The graph shows that both bans and social distancing had a large impact on mobility: Impact on mobility in the first 90 days of each country's epidemic * (%)

There is a risk of long economic Covid

Covid-19 has left debilitating symptoms in many patients after the initial infection subsided. This is "Long Covid". What applies to health risks also applies to the economy. The pandemic is likely to bring not only a deep recession to the world, but also years of weakness. To counter the threat of a "long economic covid," policy makers need to avoid repeating the mistake of withdrawing support too early, as was the case after the 2008 financial crisis.

This danger is real, even if there is still great uncertainty about how the crisis will develop. Last but not least, we do not know when Covid-19 will be brought under control quickly or completely.

However, we already know a lot about the economic impact of the pandemic. We know it caused a huge global recession; that the economic costs were higher for young, unskilled, minority and working mothers; and that it severely disrupted education. We also know that "nearly 90 million people could fall below the $ 1.90 a day income threshold for extreme deprivation this year," as the IMF put it.

We know many companies have been hurt when demand for their production collapsed or they were suspended. The second waves of the disease now appearing in many economies will make this worse. As the IMF's Global Financial Stability Report shows, financial fragility is increasing in already highly indebted sectors of high-income economies as well as in emerging and developing countries.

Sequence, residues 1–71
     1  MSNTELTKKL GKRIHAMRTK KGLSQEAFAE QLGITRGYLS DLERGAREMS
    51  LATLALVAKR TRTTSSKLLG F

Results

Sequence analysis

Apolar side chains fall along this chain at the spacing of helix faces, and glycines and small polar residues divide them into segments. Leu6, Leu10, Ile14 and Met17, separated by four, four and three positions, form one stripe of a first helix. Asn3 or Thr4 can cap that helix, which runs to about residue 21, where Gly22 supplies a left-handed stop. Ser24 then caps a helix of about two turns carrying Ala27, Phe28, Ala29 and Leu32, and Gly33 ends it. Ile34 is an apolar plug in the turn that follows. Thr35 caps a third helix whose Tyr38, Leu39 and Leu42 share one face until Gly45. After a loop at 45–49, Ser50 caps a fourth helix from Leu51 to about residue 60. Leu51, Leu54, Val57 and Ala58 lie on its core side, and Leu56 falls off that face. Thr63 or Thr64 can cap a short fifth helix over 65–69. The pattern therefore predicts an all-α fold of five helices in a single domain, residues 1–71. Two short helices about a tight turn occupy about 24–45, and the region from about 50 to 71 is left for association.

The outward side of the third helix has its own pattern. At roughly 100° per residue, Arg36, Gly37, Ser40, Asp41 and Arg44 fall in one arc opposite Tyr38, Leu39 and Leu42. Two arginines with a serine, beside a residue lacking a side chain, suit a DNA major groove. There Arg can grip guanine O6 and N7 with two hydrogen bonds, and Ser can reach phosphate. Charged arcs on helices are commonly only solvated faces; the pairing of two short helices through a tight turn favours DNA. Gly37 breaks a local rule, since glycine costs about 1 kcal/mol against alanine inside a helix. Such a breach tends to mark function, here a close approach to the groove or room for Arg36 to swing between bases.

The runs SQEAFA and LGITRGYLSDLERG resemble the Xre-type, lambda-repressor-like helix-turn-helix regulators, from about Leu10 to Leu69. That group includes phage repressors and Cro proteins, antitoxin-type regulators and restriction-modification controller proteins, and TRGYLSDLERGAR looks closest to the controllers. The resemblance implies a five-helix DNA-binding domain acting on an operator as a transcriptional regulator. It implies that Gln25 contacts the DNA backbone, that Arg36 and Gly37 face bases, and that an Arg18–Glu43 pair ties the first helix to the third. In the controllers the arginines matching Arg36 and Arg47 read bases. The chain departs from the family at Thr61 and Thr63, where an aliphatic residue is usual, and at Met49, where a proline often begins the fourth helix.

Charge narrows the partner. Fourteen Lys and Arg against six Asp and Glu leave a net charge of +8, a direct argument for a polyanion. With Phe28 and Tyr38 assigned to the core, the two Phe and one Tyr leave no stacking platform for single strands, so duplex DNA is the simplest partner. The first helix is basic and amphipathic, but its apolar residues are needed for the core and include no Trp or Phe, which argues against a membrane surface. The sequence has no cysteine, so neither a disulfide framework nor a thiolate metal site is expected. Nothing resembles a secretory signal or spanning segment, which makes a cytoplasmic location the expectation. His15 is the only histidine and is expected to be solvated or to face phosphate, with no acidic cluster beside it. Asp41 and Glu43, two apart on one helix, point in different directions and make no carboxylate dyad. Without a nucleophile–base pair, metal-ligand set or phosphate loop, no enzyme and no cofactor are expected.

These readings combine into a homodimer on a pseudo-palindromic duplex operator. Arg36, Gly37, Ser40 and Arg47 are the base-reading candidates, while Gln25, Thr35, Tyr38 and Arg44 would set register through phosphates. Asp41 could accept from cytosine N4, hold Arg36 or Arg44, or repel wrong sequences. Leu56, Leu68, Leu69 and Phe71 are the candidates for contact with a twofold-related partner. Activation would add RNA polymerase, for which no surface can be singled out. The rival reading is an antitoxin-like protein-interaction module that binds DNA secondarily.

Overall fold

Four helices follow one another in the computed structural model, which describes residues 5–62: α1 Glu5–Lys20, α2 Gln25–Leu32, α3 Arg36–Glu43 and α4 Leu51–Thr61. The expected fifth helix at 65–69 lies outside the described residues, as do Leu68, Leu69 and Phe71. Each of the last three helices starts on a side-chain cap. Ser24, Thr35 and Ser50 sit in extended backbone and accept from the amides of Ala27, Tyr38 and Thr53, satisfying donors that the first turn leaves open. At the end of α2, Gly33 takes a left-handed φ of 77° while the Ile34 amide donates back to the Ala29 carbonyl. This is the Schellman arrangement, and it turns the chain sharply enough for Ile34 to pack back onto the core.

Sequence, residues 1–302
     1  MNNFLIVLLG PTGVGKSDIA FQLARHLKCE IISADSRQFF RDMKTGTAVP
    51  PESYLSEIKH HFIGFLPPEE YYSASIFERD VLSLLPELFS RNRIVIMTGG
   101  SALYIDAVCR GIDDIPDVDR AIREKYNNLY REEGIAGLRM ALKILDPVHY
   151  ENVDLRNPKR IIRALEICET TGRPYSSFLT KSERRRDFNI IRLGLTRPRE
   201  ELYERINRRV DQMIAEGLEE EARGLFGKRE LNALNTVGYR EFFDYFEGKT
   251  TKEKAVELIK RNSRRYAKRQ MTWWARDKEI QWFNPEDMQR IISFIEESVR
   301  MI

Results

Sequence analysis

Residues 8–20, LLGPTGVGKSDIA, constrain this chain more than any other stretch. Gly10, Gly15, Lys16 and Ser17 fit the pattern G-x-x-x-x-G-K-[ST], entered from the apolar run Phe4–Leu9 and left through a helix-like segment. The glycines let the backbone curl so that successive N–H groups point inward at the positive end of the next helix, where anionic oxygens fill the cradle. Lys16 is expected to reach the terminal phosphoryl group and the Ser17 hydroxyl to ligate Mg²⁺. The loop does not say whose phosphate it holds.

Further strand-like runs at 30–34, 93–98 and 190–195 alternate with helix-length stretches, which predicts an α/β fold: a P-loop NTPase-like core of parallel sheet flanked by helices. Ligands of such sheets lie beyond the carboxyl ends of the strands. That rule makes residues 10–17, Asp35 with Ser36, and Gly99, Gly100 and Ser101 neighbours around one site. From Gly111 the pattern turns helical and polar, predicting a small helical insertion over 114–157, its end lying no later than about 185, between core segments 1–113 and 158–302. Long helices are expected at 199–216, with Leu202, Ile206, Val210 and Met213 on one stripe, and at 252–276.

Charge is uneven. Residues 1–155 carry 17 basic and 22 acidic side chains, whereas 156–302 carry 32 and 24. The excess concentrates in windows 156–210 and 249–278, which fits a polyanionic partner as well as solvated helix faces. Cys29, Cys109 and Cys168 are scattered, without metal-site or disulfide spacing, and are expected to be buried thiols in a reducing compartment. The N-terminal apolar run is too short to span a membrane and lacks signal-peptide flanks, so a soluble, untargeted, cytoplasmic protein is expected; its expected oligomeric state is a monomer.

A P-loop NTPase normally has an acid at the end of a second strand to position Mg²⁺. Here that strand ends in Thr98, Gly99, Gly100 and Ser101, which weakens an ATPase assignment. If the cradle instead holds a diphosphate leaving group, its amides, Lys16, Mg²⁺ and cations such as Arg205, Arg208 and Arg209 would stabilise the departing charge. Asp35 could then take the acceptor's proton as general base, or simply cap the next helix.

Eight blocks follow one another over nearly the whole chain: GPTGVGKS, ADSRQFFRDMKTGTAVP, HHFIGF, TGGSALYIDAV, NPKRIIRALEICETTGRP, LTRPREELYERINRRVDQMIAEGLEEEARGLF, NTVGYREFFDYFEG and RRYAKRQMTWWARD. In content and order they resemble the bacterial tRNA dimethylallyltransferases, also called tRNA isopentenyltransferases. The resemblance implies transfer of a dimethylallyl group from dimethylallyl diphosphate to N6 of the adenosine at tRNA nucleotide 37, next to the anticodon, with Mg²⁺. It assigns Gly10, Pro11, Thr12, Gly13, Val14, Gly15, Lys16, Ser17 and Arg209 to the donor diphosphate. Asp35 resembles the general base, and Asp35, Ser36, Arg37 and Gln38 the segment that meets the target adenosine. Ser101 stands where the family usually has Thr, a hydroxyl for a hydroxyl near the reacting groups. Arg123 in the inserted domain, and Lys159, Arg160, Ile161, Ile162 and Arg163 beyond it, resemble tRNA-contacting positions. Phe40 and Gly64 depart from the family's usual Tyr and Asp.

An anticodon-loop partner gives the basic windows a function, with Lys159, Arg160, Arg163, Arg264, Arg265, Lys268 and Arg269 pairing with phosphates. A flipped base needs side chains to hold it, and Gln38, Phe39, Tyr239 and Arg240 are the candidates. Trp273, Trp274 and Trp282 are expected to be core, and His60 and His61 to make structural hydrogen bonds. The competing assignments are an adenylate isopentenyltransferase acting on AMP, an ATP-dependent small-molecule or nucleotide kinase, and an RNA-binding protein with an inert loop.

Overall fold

But we also know that it could have been much worse. The world economy has benefited from the exceptional support from central banks and governments. According to the IMF Fiscal Monitor, fiscal support was "$ 11.7 billion, or nearly 12 percent of global GDP as of September 11, 2020". This is far more than the support offered after the global financial crisis.

The graphic shows that the national debt has reached a historic level: National debt as% of GDP

However, we know that what has already happened will leave deep scars. The longer the pandemic lasts, the bigger these scars will be. The IMF is already forecasting a large decline in economic activity in relation to potential for 2022-23. That is certain that private investments will remain cautious. Unsurprisingly, the fund is forecasting significantly lower growth in real gross domestic product per capita between 2019 and 2025 than in January.

In a crisis of this magnitude, there is only one company that can act as both an insurer and a supporter of demand. Unfortunately, the ability of governments to act varies greatly. But those with globally accepted currencies have enormous room for maneuver. You've already used it; You have to keep doing this.

Fiscal policy must play a central role as it alone can provide the targeted support needed. The central bankers knew this. The Fiscal Monitor usefully divides the required support into three phases: blocking; gradual reopening; and recovery after Covid.

The graphic shows that the solvency risk for SMEs is expected to increase rapidly: Share of debt of small and medium-sized enterprises with an interest coverage ratio below one (% of total debt of SMEs)